What better way to ensure eternal peace than knowing you went out with a minimal carbon footprint?
Matthews Cremation, a subsidiary of The Matthews Corporation, now offers a combustion-free form of cremation to die-hard environmentalists. “Bio-Cremation”, as it is called, emits one tenth the carbon dioxide of traditional cremation, according to the company.
Saving the Planet, One Dead Body at a Time
In traditional cremation, the corpse is incinerated in a natural-gas fueled combustion chamber, releasing about 880 pounds of CO2 into the air – equivalent to the environmental impact of a 500-mile car trip, according to Reuters.
In addition, if the body has metal fillings, artificial joints or other non-organic ingredients, they are released as toxic gases.
The other option, burial, is no greener. Most caskets are not very eco-friendly (though there has been progress), and bodies are often embalmed before burial, which means those chemicals inevitably end up in the top soil. Plus, cemeteries take up an enormous amount of space.
What’s a green mortal to do?
Don’t Read This While Eating Lunch…
In Bio-Cremation, a process known as alkaline hydrolysis essentially dissolves the body in a hot bath of chemicals, liquefying the soft tissue and leaving only bone and “a syrupy brown liquid” behind. That liquid either goes down the drain, or can be captured and handed over to relatives along with the bone.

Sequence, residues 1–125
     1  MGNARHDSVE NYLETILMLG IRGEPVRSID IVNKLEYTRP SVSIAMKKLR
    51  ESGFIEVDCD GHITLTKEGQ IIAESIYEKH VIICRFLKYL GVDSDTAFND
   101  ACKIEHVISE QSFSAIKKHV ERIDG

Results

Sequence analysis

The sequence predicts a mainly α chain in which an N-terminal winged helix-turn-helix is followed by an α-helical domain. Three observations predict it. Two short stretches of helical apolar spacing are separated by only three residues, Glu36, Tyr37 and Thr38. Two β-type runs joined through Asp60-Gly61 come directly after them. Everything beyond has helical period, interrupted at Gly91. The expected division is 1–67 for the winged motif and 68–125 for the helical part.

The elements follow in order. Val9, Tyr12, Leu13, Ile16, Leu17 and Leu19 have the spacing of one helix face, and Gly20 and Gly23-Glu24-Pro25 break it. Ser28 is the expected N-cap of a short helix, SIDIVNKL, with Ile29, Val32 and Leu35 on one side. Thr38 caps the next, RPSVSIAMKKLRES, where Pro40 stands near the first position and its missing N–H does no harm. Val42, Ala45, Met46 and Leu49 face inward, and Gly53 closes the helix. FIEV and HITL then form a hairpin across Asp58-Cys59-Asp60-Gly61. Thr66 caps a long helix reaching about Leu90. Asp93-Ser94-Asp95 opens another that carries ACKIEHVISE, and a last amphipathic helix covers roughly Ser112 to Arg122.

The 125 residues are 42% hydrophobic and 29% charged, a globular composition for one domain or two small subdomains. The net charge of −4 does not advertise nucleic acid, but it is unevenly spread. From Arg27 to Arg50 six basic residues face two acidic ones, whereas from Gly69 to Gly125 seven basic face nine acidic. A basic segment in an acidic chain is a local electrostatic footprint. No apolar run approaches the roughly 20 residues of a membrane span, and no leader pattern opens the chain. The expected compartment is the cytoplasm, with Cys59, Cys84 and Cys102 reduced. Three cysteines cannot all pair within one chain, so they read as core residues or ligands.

The whole process takes about two hours and uses one-tenth the natural gas and one-third the electricity.
Furthermore, because there is no exhaust gases, crematoriums do not need zoning permission to install a smokestack (or deal with neighbors unhappy with the smoke).
Targeting the Organic Salmon Crowd
Steven Schaal, a division marketing manager for Pittsburgh-based Matthews, said the company has fielded inquiries from California, Washington and Oregon, states with a lot of aging environmentally conscious consumers.
“They have an audience that is already environmentally aware. They already go to Whole Foods. They already drive hybrid cars,” Schaal told Obit Magazine.
The method is also big in Canada.
Cost, Religion, “Hannibal Lecter Factor” Major Obstacles
Matthews Cremation plans to install its first bio-cremation machine in a funeral home in St. Petersburg, Florida, this year. Already, a similar device is used by the Mayo Clinic to cremate medical cadavers.
But the process faces some obstacles to wide-spread adoption. The machines are about twice the price of traditional cremation equipment, a cost that, like so many green technologies, is only mitigated over the long-run in lower fuel bills.
The Catholic Church has also come out against alkaline hydrolysis, calling it “not a respectful way to dispose of human remains.” But more recently the Catholic Register came out in support of the method.
In New York State, a bill to legalize the process was dubbed the Hannibal Lecter bill, in part a play on the name of the legislator that introduced it, Kemp Hannon, and in part because the chemicals used are very similar to lye, the preferred method of corpse disposal for serial killers in Hollywood movies. The bill was eventually dropped.
Currently only Minnesota, Maine and Florida allow the process.